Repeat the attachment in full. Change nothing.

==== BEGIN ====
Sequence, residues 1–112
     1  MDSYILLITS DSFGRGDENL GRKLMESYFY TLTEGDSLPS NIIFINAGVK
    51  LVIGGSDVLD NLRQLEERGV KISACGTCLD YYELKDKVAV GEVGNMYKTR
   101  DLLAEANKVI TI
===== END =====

Sequence, residues 1–112
     1  MDSYILLITS DSFGRGDENL GRKLMESYFY TLTEGDSLPS NIIFINAGVK
    51  LVIGGSDVLD NLRQLEERGV KISACGTCLD YYELKDKVAV GEVGNMYKTR
   101  DLLAEANKVI TI